Yet, in a 2010 article in Plane & Pilot magazine, airport co-owner Richard Solan gave some clues.
“We look forward to offering the proverbial $100 hamburger…what’s a country airport without that?” Solan said.
Solan, an American Airlines pilot who learned to fly at Koladza, went on to say that the airport wanted to add a charter service and an LSA (light sport aircraft) dealership and air shows.
Solan, who was out of the country on business, could not be reached Wednesday. But co-owner Tom Vigneron said it was true that all these were future possibilities.
“We want to make it a destination spot,” Vigneron said of the restaurant idea. He said they have had discussions with local caterers about a daily service, but said doing food service would be a “big change in terms of regulations; we would have to upgrade quite a few things to do it. It’s far down the road, maybe a pipe dream, but it would draw people in.”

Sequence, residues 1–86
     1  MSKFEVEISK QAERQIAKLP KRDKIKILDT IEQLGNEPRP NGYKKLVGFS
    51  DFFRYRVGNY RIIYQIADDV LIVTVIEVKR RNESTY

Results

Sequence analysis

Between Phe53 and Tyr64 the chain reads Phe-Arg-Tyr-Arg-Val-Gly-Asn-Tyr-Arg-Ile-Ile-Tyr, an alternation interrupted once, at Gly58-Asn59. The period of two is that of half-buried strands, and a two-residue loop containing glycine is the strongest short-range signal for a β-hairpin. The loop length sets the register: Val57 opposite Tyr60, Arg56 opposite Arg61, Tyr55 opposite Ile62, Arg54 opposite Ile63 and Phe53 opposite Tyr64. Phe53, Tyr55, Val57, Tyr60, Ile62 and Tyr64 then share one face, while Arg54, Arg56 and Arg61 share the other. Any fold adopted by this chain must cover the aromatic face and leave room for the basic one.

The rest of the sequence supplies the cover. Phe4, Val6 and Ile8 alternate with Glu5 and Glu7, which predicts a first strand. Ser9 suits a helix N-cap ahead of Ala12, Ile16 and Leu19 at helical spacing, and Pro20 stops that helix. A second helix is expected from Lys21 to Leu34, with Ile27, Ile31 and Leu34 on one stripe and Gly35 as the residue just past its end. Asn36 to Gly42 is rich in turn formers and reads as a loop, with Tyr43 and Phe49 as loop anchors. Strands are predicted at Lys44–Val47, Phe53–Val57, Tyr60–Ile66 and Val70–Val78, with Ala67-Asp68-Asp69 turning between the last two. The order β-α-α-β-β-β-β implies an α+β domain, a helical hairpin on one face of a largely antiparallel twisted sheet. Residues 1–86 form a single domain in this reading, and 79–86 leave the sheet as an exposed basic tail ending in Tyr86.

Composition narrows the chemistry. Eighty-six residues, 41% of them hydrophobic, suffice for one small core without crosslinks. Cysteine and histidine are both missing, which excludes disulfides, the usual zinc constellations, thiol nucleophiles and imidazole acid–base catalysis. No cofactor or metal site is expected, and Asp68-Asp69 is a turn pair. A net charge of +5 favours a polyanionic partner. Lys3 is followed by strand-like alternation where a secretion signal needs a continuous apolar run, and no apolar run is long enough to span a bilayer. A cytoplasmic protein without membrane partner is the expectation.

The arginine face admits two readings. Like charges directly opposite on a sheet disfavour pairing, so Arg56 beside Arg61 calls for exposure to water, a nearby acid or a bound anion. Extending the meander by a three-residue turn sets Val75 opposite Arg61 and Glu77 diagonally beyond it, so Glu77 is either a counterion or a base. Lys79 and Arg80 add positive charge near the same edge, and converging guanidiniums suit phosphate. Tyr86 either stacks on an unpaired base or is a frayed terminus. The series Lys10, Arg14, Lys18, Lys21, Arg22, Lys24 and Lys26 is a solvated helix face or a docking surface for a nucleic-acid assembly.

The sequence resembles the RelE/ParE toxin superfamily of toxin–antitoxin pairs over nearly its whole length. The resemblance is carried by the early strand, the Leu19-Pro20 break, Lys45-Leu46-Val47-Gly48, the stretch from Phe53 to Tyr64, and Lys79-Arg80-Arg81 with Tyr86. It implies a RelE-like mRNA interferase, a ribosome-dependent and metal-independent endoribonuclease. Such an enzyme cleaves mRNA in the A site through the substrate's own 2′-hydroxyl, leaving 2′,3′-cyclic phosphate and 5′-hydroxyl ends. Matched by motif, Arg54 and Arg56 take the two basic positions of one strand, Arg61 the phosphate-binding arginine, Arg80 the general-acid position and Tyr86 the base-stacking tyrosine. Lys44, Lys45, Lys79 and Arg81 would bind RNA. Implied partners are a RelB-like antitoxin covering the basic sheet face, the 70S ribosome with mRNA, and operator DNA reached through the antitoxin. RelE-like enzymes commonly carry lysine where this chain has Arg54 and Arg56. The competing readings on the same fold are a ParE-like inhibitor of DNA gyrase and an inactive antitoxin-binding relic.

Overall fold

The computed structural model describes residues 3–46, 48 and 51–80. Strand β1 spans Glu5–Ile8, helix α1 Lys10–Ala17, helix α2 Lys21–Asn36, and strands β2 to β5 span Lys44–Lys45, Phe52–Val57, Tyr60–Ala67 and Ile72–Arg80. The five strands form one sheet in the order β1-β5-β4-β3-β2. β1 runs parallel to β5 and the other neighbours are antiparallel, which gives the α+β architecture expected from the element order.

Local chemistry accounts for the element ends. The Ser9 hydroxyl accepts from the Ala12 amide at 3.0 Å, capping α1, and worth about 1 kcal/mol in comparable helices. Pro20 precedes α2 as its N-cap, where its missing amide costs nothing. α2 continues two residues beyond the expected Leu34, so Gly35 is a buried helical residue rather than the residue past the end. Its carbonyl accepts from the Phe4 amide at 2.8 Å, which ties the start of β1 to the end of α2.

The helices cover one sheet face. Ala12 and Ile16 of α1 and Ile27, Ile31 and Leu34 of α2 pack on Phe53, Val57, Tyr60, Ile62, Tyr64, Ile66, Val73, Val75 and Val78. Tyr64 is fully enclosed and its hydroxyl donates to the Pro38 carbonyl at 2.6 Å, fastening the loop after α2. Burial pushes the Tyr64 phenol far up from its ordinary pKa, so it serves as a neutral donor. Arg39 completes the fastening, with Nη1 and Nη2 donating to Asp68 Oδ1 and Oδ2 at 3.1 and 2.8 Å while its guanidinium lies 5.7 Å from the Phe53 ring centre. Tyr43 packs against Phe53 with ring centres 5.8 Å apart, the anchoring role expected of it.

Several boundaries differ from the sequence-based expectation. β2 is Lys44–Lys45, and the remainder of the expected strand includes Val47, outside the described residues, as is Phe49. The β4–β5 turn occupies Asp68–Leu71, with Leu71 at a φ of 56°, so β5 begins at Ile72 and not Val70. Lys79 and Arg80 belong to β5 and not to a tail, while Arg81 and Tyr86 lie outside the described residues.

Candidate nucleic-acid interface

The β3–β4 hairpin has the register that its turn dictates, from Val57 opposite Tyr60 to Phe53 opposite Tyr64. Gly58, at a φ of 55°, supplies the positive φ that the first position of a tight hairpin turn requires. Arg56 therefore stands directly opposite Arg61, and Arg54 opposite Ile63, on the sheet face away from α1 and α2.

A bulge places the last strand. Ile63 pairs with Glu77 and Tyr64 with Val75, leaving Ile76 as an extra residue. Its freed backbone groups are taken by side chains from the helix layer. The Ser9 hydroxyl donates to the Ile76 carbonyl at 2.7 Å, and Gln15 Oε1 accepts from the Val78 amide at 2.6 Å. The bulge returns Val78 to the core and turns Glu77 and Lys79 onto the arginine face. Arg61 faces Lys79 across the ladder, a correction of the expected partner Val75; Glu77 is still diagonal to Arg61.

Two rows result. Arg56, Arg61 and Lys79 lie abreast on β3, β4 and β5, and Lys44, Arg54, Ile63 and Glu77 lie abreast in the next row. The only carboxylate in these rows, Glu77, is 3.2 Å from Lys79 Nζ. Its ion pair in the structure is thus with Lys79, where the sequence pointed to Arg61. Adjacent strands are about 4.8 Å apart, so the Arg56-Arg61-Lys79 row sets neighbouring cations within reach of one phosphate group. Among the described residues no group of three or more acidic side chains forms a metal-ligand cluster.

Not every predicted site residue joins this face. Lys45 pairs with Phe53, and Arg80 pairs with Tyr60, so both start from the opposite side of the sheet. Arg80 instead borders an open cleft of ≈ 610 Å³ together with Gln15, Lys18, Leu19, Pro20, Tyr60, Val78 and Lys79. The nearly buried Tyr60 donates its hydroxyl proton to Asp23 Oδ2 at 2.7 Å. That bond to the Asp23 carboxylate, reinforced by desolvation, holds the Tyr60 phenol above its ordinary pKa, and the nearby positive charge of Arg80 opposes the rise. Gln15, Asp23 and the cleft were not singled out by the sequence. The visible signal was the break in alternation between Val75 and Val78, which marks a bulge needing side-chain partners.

Having an LSA dealership would give the airport more options, Vigneron said, since these smaller planes with less speed and power require less training, and so “draw more people into aviation.”
LSAs aren’t cheap, he said, running at least over $100,000. He added that Berkshire Aviation didn’t have “immediate plans” for this.
Vigneron said air shows are heavily regulated by the FAA and wouldn’t be allowed at Koladza. He said that was a reference to the airport possibly having more events like the Berkshire Bike-N-Fly that bring pilots and others in for a day.
Vigneron, Solan, John Guarnieri and Edward Ivas inherited the airport from Koladza’s estate in 2008, signed off by John Koladza. Vigneron says they need to build these three hangars to be “financially viable” but did not answer questions about how much it would cost to build the hangars.
Berkshire Aviation owns roughly 90 acres valued this year at just over $1 million. A portion of it is in Chapter 61A, which gives the property owner a reduction in taxes on farmland.
In this case, the owners pay property taxes on $324,000 on the farmland–rather than the true value of $575,000, for instance.